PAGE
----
[0164] For Groups 1 to 7, GnRH vaccines were made using the GnRH immunogen from plasmid pCB122, described above. In particular, the GnRH immunogen was dissolved at a concentration of 20 mg/mL in 8 M urea. The adjuvant used to formulate the GnRH vaccines was VSA-3, a modified form of the EMULSIGEN PLUS™ adjuvant which includes DDA (see, allowed U.S. patent application Ser. No. 08/463,837, incorporated herein by reference in its entirety).

[0165] The GnRH vaccines were prepared by combining the stock solution of GnRH immunogen with phosphate buffered saline and mixing with VSA-3 at a ratio of 1:1 (v/v) to form a stable emulsion. The dose of GnRH immunogen for Groups 1, 2, 3, 4, and 6 was 40 μg, however the volume differed in some of the formulations. Table 1 provides details for each treatment Group. The GnRH vaccines for Groups 5 and 7 contained 30 μg of the GnRH immunogen/0.25 mL while Group 8 received 40 μg of the GnRH immunogen from plasmid pCB130 in 0.4 mL of adjuvant. In all instances the ratio of VSA-3 adjuvant to the aqueous phase (phosphate buffered saline) remained at 1:1 (v/v). Adjustments were made by altering the volume of stock immunogen solution. 1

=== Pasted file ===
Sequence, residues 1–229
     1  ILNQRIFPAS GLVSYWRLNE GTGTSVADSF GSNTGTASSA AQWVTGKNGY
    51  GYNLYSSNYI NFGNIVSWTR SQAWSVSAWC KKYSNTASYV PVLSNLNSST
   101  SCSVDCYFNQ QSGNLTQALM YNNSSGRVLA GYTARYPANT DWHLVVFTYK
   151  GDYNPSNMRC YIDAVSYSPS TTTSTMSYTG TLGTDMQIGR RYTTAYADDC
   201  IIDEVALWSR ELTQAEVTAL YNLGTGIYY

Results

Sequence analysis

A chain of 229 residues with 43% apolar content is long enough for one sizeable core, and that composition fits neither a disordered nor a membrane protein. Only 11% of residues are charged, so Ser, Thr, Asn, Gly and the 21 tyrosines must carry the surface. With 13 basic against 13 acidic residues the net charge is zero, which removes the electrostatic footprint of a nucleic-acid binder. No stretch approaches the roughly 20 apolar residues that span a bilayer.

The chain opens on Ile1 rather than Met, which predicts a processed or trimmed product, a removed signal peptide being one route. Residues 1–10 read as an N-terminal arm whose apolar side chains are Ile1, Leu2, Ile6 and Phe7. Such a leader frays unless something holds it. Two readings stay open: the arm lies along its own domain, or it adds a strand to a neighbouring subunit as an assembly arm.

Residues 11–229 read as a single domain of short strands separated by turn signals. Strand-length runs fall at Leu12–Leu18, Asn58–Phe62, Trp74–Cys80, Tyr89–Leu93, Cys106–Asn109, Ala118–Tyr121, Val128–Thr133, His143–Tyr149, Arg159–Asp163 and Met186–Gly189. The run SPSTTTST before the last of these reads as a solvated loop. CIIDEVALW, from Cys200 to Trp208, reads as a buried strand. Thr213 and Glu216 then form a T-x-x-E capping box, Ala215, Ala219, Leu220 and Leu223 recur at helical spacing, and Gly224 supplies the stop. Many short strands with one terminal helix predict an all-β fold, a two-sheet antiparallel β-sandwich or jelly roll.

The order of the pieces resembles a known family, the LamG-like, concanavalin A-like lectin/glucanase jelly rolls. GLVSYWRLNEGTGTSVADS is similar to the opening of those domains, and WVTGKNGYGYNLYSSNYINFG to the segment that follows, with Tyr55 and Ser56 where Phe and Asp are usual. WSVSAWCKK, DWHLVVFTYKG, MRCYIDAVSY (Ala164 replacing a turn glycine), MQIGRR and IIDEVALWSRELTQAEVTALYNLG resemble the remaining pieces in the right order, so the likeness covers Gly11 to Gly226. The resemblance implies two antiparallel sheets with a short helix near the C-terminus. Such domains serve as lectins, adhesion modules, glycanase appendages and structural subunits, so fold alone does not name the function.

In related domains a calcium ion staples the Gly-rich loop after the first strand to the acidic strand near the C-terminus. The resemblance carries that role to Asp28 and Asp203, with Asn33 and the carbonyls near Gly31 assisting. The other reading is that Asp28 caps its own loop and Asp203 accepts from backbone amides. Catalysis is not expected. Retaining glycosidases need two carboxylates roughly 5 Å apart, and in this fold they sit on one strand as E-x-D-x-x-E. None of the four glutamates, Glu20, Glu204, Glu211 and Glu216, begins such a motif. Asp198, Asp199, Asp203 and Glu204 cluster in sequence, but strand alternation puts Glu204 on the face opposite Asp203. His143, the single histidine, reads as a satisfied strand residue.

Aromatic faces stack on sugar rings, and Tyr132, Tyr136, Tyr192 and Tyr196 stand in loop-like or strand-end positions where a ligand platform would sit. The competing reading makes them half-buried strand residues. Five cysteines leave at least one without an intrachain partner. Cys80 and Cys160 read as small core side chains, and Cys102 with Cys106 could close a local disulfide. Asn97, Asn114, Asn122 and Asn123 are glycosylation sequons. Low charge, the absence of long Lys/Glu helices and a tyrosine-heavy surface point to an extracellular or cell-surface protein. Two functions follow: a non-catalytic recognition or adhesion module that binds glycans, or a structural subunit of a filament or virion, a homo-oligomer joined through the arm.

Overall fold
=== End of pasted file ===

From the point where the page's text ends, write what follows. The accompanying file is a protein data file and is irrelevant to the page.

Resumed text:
TABLE 1
Dose, site and volume of GnRH vaccine
administered at the first and second injections
DoseFirstVolume (mL)SecondVolume (mL)
GroupN(μg)InjectionFirst InjectionInjectionSecond Injection
12040 L*0.15 R*0.15
22040L0.25R0.25
32040L0.35R0.35
42040L0.25L0.25
52060L + R0.25**R0.25
62040L + R0.15**R0.30
72060L + R0.25**Neck0.25
82040L0.25R0.25
*L and R refer to Left and Right ear.
**The volume indicated was given in each of the ears. Therefore, Groups 5, 6 and 7 received a total of 0.5, 0.3 and 0.5 mL respectively at the primary injection.

[0166] The vaccines were all administered with a Biojector 2000 needleless injection device manufactured by Bioject Inc., Portland, Oreg., USA. This device utilizes a gas cylinder to inject the vaccine under high pressure through a small opening. The vaccine penetrates through the skin and is deposited subcutaneously. In each treatment group, the first injection was given when the pigs were 28 days old and the second was given 35 days later.